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Artist Uses CT To Re-create Faces From Skulls

July 13, 2011
Written by: , Filed in: Musculoskeletal Radiology
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Most people look at a skull and see bones. Joe Mullins sees a face. And he uses CT scans of that skull to re-create that face.

Mullins is a forensic imaging specialist for the National Center for Missing & Exploited Children, a nonprofit organization based in Alexandria, Virginia. He spends much of his time “aging” photos of children who have been missing for more than two years—creating an “older” image of how the child might now look.

But he also creates full-face portraits from CT scans of skulls—children, and occasionally adults, who were found only as unidentifiable skeletal remains. Those reconstructed images are distributed on flyers and through the media in hopes that someone will recognize the face.

In a fascinating Washington Post story by Rachel Saslow, Mullins described his work:

It’s already a horrible story by the time the skull gets here. Opening up a little box and pulling out the skull of a 7- or 8-year-old who has been found in the woods is tough. But someone’s got to do it, so we use our powers for good to help find missing children and help give them their name back.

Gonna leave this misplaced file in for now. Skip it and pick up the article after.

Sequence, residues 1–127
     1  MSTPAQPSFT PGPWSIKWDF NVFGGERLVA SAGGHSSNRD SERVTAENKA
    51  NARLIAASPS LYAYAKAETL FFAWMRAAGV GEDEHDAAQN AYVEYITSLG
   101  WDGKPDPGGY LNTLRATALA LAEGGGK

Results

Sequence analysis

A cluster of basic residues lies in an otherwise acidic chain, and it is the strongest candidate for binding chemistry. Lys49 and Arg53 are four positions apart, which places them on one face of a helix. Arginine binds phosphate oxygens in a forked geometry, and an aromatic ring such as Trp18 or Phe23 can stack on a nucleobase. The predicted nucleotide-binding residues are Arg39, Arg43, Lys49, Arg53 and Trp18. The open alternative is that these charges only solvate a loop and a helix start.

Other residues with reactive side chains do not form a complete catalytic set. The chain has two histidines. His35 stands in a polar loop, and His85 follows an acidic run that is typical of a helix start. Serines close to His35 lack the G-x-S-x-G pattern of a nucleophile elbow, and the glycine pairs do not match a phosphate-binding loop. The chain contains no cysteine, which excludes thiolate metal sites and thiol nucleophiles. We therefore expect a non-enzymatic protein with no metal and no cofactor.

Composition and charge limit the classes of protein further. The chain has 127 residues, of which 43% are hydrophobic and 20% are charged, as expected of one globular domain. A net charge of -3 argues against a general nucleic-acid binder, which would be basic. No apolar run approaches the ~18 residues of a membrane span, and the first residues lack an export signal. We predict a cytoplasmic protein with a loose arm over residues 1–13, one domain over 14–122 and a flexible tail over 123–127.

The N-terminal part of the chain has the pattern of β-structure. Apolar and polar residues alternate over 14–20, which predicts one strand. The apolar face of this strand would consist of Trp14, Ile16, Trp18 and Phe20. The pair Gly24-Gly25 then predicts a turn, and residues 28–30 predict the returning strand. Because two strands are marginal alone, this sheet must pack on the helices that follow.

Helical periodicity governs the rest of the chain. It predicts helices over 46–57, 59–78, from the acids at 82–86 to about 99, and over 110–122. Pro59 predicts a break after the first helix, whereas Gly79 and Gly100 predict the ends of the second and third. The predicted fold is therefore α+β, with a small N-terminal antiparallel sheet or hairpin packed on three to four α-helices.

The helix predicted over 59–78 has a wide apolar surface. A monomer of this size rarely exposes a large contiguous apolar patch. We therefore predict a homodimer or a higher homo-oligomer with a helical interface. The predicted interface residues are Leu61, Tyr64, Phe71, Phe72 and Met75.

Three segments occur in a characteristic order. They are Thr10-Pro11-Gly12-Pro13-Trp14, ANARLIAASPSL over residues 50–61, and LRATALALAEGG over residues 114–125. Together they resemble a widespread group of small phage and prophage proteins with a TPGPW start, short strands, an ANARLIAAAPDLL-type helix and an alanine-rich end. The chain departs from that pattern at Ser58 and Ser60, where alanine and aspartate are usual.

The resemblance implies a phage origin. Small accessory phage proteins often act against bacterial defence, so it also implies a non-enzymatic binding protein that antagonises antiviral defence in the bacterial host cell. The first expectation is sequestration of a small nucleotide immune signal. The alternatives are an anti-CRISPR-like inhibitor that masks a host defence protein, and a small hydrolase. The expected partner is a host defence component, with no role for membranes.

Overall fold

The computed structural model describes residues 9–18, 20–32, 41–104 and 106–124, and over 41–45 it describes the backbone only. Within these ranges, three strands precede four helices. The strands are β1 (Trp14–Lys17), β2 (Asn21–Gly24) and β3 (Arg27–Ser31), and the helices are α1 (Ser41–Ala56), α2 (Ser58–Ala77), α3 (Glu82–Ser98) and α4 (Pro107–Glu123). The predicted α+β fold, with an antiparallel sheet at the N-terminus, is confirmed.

“Powers” seems appropriate when discussing Mullins’ work. He says he can derive the projection and width of the nose, the projection of the ears, the location of the eyebrows, even a good guess about the location of the hairline, all from the CT scan. “All of that information about the soft tissue of the face is etched into the skull,” he said.

Mullins starts by sending the skull to physical anthropologist David Hunt at the Smithsonian National Museum of Natural History in Washington, DC. Hunt analyzes the skulls to determine the ancestry (Caucasian, African-American, etc.), general health, and any identifying details. Then he puts the skull through a CT scanner. (When the Smithsonian’s machine broke recently, Mullins used scanners at Inova Alexandria Hospital in Alexandria.)

Using the 3-D CT scans as a base, Mullins, who has a degree in fine art and graphic design from James Madison University, digitally builds virtual layers of muscle and skin. He uses Adobe Photoshop and a technology called FreeForm that gives him tactile feedback, as if he were working with physical clay.

The final result: an image of a person, not just a skull—an image that, Mullins hopes, will eventually help a sad collection of bones get his or her name back.

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Related seminar: Neuro & Musculoskeletal Imaging


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